The mantis cyborgs: insectlike, cruel, and determined to wipe humanity from the face of the galaxy. The Fleet is humanity’s last chance: a multi-world, multi-national task force assembled to hold the line against the aliens’ overwhelming technology and firepower. Enter Harrison Barlow, who like so many young men of wars past, simply wants to serve his people and partake of the grand adventure of military life. Only, Harrison is not a hot pilot, nor a crack shot with a rifle. What good is a Chaplain’s Assistant in the interstellar battles which will decide the fate of all? More than he thinks. Because while the mantis insectoids are determined to eliminate the human threat to mantis supremacy, they remember the errors of their past. Is there the slightest chance that humans might have value? Especially since humans seem to have the one thing the mantes explicitly do not: an innate ability to believe in what cannot be proven nor seen: God. Captured and stranded behind enemy lines, Barlow must come to grips with the fact that he is not only bargaining for his own life, but the lives of everyone he knows and loves. And so he embarks upon an improbable gambit, determined to alter the course of the entire war.
©2014 Brad R. Torgersen (P)2014 Audible Inc.
My taste differs from kid books to gory horror books.
This is one of those books were they discuss everything. The discussion is often intellectual and even sometimes entertaining, but mostly very little happens.
As a real chaplain and fan of science fiction I can say this is one of the best books I've ever read. The alien culture is imaginative, thought-provoking and creative while still sharing the fun of standard bug aliens. The philosophical and religious questions of military and Chaplaincy are also very compelling and accurate. Plus the narrator has many sutle and diverse character voices
reader of books
This is a story of mankind's run up against a powerful and overwhelming alien. The story takes place after this conflict has started and details the impact that a couple of individuals can have on such events. Good stuff it is.
As for the religion part, it is there but is nothing overwhelming or even takes up much of the story. The refreshing part is that it is not something portrayed as bad or something that had negative influences within the world this story creates. That is much different in that most other stories, when they touch upon religion, make it out as a influence that drives evil or poor behavior and in many cases something that makes those involved backwards. This type of handling of religion is so common that it is a trope in science fiction and easily predictable and thus boring.
Starship Troopers meets The Lords of Discipline, flavored with a bit of The Gospel According to Gamaliel Crucis. Well written and expertly narrated. I really enjoyed how the story shifted back and forth from training and present day. Highly recommended.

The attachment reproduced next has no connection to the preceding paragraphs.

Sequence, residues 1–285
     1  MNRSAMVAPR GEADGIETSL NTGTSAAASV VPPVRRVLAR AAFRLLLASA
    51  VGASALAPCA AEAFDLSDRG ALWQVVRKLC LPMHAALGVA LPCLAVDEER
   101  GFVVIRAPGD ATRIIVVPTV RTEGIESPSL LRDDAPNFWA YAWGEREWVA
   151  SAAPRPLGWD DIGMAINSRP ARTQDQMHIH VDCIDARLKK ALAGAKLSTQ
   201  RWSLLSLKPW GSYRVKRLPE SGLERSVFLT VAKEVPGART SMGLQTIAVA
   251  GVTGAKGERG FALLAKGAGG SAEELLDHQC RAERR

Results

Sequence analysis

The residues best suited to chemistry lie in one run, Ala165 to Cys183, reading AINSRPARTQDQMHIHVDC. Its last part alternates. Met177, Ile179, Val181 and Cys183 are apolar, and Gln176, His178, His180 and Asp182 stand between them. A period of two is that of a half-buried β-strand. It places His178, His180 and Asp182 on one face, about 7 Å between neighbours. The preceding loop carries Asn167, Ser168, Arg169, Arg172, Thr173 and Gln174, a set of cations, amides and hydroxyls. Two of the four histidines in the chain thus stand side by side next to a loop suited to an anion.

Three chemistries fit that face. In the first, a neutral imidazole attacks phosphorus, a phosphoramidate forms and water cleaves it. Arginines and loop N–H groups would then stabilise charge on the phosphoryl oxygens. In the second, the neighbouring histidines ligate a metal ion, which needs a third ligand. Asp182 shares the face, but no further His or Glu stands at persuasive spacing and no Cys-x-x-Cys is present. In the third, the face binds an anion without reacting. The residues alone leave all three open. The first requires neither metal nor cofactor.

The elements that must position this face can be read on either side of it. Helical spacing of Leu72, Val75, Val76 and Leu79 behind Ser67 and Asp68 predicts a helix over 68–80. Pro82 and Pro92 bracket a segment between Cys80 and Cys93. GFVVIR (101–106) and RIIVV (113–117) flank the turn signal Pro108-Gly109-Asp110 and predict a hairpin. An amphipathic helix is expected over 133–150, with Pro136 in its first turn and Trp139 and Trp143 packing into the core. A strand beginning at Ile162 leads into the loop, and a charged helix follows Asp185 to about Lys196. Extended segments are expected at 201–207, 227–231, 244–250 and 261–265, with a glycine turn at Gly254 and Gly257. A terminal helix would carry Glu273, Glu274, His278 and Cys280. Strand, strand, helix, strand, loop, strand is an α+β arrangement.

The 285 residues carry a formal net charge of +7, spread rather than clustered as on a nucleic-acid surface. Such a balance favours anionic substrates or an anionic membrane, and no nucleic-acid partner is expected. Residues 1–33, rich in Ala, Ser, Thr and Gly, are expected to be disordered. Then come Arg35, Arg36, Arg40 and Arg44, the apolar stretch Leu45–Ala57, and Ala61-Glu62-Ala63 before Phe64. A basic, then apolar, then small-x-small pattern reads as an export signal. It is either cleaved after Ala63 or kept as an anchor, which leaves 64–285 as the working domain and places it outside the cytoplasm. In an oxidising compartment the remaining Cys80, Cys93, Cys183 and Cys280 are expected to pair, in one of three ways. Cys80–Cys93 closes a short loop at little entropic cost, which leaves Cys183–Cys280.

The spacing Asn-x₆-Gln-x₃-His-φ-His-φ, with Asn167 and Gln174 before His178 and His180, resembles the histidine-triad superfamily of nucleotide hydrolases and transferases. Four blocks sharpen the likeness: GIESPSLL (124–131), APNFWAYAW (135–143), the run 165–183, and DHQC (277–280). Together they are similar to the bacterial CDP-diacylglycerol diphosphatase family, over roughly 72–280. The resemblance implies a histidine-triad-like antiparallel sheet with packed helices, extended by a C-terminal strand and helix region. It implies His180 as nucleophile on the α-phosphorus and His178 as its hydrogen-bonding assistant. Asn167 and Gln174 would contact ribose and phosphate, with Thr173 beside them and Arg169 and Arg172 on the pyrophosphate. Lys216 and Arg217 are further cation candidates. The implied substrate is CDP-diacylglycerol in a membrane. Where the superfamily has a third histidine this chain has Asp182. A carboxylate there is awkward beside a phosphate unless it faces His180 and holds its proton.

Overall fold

I spent WAY too many hours in the car during the week that I listened to this book. I ran out of podcasts and was on a new medication. My brain was going Etch-a-Sketch, and I had the proverbial "miles to go before I sleep." George Newbern and Brad Torgerson kept me engaged and aware and interested all the way to my destination for several days. The story was fascinating, the performance was engaging, and the characters interesting. Get the Kindle book. Buy the audio book to go with it.
Absolutely. I may even buy it for friends. I found it refreshingly original.
Well read. No complaints.
There is one point where I cried. Which was embarrassing as I was in a restaurant having lunch while reading at the time.
Just an all round good book. Well paced. I'm very happy to be able to recommend it.
I'm glad I stuck this book out. It was a little slow, and hard to get into, but once I did, I couldn't wait to finish it! I enjoyed the last part of the book as well. The narrator was good as well. I am not a religious person, but this was a good choice. I got it on the audible buy of day.
I listen to books while I'm drafting. It takes something exceptional to make me stop and rewind so I can hear it again. This book has many moments like that. It takes you through a whole gamut of emotions, including some boring sections that are necessary for the rest of the story.
I enjoyed this because I once had the pleasure of meeting a Jewish chaplain in the Air Force . His abilities to help make sense of a very strange world to a young man got me to where I am today .
To me, three stars means: pleasant. The story was enjoyable though I did feel like it dragged on a bit sometimes. It didn't change my life. I wouldn't listen to it again. But I'm glad I did. Likewise, the narrator is good. I liked him. But I'm not in a rush to listen to anything else he's done. I'd still recommend this to friends who are interested in Sci-fi and religion.
The only thing I really didn't like was the constant shifting back and forth between past and present. It's a great device but it was overused and eventually got a bit tedious. That said, the beginning is really good and I thoroughly enjoyed the desert chapters.
Report Inappropriate Content